The degree to which machines cause abasement. – Machines are impersonal, they extract the pride from a piece of work, its individual excellence and defectiveness, elements that stick to every nonmechanical sort of work – hence, its tiny bit of humanity. In earlier times, all buying from craftspeople meant distinguishing the persons with whose insignia people surrounded themselves: household goods and clothing thus became the symbolic system of reciprocal valuation and personal connection, whereas now we seem to live only amid an anonymous and impersonal slavery. – We must not pay too dearly for the alleviation of labor.
Friedrich Nitzsche. Human, All Too Human II (§ 288).
What is modern technology? It too is a revealing. […] And yet the revealing that holds sway throughout modern technology does not unfold into a bringing-forth in the sense of poiesis. The revealing that rules in modern technology is a challenging, which puts to nature the unreasonable demand that it supply energy that can be extracted and stored as such. […] A tract of land is challenged into the putting out of coal and ore. The earth now reveals itself as a coal mining district, the soil as a mineral deposit. The field that the peasant formerly cultivated and set in order appears differently than it did when to set in order still meant to take care of and to maintain. The work of the peasant does not challenge the soil of the field. In the sowing of the grain it places the seed in the keeping of the forces of growth and watches over its increase. But meanwhile even the cultivation of the field has come under the grip of another kind of setting-in-order, which sets upon nature. It sets upon it in the sense of challenging it. Agriculture is now the mechanized food industry. Air is now set upon to yield nitrogen, the earth to yield ore, ore to yield uranium, for example; uranium is set upon to yield atomic energy, which can be released either for destruction or for peaceful use. […] The coming to presence of [modern] technology threatens revealing, threatens it with the possibility that all revealing will be consumed in ordering and that everything will present itself only in the unconcealedness of standing-reserve.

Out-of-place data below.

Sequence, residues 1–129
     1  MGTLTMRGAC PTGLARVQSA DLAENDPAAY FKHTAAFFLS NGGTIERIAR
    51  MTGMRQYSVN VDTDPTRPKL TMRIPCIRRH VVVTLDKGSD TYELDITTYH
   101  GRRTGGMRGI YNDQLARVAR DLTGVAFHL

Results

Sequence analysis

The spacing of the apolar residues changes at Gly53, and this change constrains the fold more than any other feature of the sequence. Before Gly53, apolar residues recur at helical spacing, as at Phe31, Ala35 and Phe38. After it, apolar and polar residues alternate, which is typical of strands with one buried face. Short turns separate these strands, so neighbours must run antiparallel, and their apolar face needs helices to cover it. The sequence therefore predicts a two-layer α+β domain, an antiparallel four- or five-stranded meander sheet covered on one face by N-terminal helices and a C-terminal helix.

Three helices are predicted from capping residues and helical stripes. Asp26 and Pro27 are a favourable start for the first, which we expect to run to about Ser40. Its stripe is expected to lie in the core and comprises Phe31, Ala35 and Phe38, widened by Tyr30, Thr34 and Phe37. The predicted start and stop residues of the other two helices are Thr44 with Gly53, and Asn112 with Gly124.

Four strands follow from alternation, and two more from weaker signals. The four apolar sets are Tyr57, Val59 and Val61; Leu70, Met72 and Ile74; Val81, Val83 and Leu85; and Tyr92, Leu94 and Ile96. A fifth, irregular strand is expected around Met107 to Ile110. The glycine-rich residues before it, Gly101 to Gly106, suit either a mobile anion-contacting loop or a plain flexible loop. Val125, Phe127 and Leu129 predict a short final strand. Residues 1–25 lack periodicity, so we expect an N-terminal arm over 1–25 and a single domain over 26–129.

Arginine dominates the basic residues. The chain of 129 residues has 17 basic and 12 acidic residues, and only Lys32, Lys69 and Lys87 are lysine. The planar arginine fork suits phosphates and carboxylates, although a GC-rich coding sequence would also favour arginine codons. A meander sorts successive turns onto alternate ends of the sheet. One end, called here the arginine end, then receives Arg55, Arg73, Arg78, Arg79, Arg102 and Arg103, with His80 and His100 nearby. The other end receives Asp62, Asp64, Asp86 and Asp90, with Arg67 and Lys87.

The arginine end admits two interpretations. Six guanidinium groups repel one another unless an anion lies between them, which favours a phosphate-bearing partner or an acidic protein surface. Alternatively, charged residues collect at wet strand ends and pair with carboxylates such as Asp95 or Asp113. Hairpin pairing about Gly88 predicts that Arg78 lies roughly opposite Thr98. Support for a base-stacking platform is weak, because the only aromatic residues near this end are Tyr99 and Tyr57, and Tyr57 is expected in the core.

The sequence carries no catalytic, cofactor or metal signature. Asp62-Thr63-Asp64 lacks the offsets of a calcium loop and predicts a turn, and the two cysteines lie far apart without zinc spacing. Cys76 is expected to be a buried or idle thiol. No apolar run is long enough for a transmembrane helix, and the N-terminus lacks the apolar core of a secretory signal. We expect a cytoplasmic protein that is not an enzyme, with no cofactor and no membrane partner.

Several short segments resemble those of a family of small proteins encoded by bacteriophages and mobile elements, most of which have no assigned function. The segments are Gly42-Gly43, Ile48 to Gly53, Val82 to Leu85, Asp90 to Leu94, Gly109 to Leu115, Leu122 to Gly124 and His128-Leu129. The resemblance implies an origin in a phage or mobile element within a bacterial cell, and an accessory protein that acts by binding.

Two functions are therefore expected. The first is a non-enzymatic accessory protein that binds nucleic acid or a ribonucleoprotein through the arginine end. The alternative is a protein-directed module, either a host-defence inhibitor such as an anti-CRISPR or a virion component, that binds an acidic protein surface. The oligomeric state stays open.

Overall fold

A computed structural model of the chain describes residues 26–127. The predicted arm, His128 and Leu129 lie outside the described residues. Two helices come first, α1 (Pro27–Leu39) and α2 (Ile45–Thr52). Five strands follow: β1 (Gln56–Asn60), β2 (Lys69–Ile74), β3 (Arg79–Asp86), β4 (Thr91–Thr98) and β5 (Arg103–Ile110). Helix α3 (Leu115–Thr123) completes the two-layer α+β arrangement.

Martin Heidegger. The Question Concerning Technology.
Now goblins are cruel, wicked, and bad-hearted. They make no beautiful things, but they make many clever ones. They can tunnel and mine as well as any but the most skilled dwarves, when they take the trouble, though they are usually untidy and dirty. Hammers, axes, swords, daggers, pickaxes, tongs, and also instruments of torture, they make very well, or get other people to make to their design, prisoners and slaves that have to work till they die for want of air and light. It is not unlikely that they invented some of the machines that have since troubled the world, especially the ingenious devices for killing large numbers of people at once, for wheels and engines and explosions always delighted them, and also not working with their own hands more than they could help […].
J.R.R. Tolkien. The Hobbit (Chapter 4).